A recent ruling of the Court of Justice of the European Union (CJEU) gives some guidance on the way that 3D shapes will be assessed when considering whether they are capable of registration in the EU. Société des Produits Nestlé SA v Cadbury UK Ltd
, Case C-215/14, judgment of the CJEU, Sept. 16, 2015.
Nestlé applied to register the 3D shape shown below (the Mark) as a trademark in the UK on July 8, 2010.
Nestlé’s application was accepted by the UK Intellectual Property Office (UKIPO) but was successfully opposed by Cadbury, which persuaded the UKIPO that the Mark had not acquired the necessary level of distinctiveness to be accepted for registration.
In addition, the UKIPO identified three features of the Mark, one of which results from the nature of the goods and two that are necessary to obtain a technical result, which in combination were enough to prevent registration.
Nestlé appealed against the UKIPO decision to the High Court, which referred three questions to the CJEU for a preliminary ruling.
The CJEU held that:
- It is not enough to show acquired distinctiveness that relevant consumers “recognise the mark and associate it with the applicant’s goods.” Instead, it must be shown that consumers perceive the mark (as opposed to any other trademarks which may also be present) as indicating the origin of the goods;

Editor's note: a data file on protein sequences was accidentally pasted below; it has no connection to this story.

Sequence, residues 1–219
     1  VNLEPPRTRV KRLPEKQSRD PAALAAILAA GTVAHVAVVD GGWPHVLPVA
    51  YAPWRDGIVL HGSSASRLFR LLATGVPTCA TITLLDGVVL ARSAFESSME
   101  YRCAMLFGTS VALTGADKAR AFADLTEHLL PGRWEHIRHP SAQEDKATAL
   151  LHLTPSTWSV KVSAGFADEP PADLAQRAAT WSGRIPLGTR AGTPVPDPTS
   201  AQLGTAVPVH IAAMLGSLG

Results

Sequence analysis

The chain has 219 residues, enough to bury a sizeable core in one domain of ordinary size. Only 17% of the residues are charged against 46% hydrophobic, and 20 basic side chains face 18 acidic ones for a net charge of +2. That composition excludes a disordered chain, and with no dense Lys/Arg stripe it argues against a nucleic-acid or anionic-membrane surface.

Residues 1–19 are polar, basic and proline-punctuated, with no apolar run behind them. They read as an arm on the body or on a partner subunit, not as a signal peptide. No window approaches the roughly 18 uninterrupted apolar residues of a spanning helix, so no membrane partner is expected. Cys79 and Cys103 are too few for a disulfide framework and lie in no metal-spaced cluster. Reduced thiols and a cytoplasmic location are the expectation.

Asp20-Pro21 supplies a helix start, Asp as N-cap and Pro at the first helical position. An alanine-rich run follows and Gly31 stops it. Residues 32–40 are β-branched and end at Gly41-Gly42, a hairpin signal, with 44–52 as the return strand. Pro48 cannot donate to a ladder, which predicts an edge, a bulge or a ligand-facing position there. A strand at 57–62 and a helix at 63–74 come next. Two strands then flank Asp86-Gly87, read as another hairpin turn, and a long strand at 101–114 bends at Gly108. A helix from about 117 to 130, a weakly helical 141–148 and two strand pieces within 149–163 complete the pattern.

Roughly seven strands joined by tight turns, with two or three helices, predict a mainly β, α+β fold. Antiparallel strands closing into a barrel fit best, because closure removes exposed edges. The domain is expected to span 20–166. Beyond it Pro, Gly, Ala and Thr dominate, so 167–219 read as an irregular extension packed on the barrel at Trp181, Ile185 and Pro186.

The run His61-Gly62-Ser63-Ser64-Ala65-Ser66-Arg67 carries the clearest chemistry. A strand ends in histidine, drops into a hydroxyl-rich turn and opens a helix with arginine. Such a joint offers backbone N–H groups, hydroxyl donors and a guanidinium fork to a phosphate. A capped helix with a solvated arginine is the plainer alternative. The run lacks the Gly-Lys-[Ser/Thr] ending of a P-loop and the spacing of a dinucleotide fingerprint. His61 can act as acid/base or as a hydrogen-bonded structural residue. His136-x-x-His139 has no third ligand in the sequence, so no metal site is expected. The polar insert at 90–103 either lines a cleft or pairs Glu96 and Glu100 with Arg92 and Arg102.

- Where “a shape consists of three essential features, one of which results from the nature of the goods themselves and two of which are necessary to obtain a technical result,” that is only enough to preclude registration of that shape as a trademark if “at least one of those grounds is fully applicable to the [shape]”; and
- When assessing whether shapes are necessary to obtain a technical result, it is only necessary to consider “the manner in which the goods function,” and “the manner in which the goods are manufactured” is not relevant.
The case will now go back to the High Court, which will come to a decision based on the CJEU’s guidance.
In some ways this ruling is good news for trademark owners trying to register complex shapes as trademarks, as these should not be refused registration unless there is a ground of refusal that is relevant to the entire shape. However, the ruling is potentially bad news in other ways, as when trying to show acquired distinctiveness it may be difficult to prove that consumers perceive a shape alone (and not other trademarks used on the relevant products) as indicating the origin of the relevant products.
Although every effort has been made to verify the accuracy of items in the INTA Bulletin, readers are urged to check independently on matters of specific concern or interest.
© 2015 International Trademark Association